State tells us there is no evidence to support this "Western Region" theory and our search of the record shows it was at best an incidental argument. Nevertheless, the district court made findings that State had the capacity to absorb its share of the market and we are shown no reason why they are wrong. From the evidence, there was demand for heaters made by the patented method, and State and Mor-Flo were head-to-head competitors. State was a nationally recognized leader in the industry, and it produced specific evidence that it had lost sales to Mor-Flo's infringing heaters on both coasts. For example, a retailer of State's heaters in California testified that he lost sales to a developer for 3,000 heaters annually to Mor-Flo. Another retailer testified that he lost sales to Mor-Flo in Connecticut. There is nothing speculative about these losses. After finding that State had sufficient marketing and manufacturing capabilities to meet its market share of the demand it is eminently reasonable for the district court to infer that State could have sold its market share of Mor-Flo's infringing sales wherever the opportunity occurred. We accordingly agree with the court that it is probable, at least, that State could have met the demand.
Amount of Profit
The district court awarded State its incremental profit on foam-insulated gas water heaters reflecting the percentage of sales revenue State lost because of MorFlo's infringement that would have been its profit. This approach is well established and appropriate for determining damages for patent infringement. See Paper Converting, 745 F.2d at 22, 223 USPQ at 599. There is some testimony that fixed costs might have varied slightly, but the district court did not abuse its discretion in concluding that any increase in fixed costs was minimal and that award of incremental profits was appropriate. No greater precision is required.
The court based the award on the profit margin of the heater as a unit in accord with the entire market value rule, which permits recovery of damages based on the value of the entire apparatus containing several features, where the patent related feature is the basis for customer demand. See TWM, 789 F.2d at 901, 229 USPQ at 528. In the face of the district court's finding to the contrary, Mor-Flo now argues that foam insulation was not the basis for consumer demand and several unidentified nonpatented components were key. But it did not identify or present evidence of the value of these nonpatented components. In any event, no components can be used separately, except as spare and repair parts for which State does not claim damages. See Kori Corp. v. Wilco Marsh Buggies Draglines, Inc., 761 F.2d 649, 656, 225 USPQ 985, 989 (Fed. Cir. 1985) (the entire market rule is properly applied when the nonpatented devices cannot be sold without the patented feature). There is no merit to this argument and we leave undisturbed the district court's adoption of the entire market rule.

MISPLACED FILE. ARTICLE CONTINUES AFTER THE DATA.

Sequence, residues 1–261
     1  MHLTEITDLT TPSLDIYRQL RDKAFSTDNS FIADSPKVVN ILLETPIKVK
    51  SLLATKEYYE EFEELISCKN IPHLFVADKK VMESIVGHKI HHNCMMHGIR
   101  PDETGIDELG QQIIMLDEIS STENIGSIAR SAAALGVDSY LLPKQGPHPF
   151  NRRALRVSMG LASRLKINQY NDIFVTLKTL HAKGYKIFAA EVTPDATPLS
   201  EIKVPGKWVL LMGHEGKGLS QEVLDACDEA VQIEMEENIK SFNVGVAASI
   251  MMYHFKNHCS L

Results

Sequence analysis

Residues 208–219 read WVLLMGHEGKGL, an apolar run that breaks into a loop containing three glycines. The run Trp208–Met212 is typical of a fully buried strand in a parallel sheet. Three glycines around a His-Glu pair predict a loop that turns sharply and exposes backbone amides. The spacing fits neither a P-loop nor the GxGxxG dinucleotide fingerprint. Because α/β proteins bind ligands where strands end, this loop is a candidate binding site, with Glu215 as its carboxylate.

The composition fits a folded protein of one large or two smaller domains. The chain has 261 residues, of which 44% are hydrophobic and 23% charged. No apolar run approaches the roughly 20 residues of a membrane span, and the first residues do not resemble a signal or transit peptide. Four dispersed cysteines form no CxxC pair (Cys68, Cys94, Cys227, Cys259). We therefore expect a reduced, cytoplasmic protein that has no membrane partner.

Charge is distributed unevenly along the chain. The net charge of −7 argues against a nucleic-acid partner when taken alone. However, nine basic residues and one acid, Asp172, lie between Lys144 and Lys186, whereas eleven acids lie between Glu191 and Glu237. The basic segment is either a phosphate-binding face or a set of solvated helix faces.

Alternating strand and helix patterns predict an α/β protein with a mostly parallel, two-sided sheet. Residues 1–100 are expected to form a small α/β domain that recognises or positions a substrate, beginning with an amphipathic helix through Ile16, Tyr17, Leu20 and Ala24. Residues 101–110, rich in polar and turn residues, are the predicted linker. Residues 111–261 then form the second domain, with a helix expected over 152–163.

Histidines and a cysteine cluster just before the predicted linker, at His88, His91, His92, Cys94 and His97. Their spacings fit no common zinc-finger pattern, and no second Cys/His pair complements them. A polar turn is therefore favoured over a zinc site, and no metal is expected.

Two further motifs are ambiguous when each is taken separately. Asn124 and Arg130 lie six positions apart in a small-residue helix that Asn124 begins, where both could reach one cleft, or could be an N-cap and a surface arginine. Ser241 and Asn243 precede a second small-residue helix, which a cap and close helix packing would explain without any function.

In our view, the foregoing discussion compels the conclusion that the district court acted well within its discretion when it awarded damages for Mor-Flo's infringing activity based on State's share of the market. The court had the obligation to decide the case, and to decide it on the evidence and theories the parties proposed. Mor-Flo's attempt to perfect the trial on appeal by referring to "evidence" and argument it might have presented to the trial court comes too late and we have, of course, ignored it. The case it might have made is irrelevant; on the record actually made, there was sufficient evidence for the court to find facts and draw inferences that support its damage award.
The only direct evidence on what a reasonable royalty would have been is testimony of State's president that he would have asked for 8 to 10% of Mor-Flo's infringing sales, and its expert's declaration that a reasonable royalty would have been 8% of net infringing sales. Mor-Flo's actual net profit margin was 2.1% for the seventeen months preceding issuance of the patent, and Mor-Flo argues that it should pay a royalty no higher than that. Indeed, it says the rate should be minimal — before the district court it urged an effective rate of .163%.
The determination of a reasonable royalty, however, is based not on the infringer's profit margin, but on what a willing licensor and licensee would bargain for at hypothetical negotiations on the date infringement started. Radio Steel Mfg. Co. v. MTD Prod., Inc., 788 F.2d 1554, 1557, 229 USPQ 431, 433 (Fed. Cir. 1986). There is no rule that a royalty be no higher than the infringer's net profit margin. Id. State's was a proven process upon which Mor-Flo had already built an established, successful line of heaters, and which it had expanded upon since its introduction in 1981. The value of foam to Mor-Flo was obvious: it never considered fiberglass as an alternative and risked infringement with foam insulation. See TWM, 789 F.2d at 902, 229 USPQ at 529.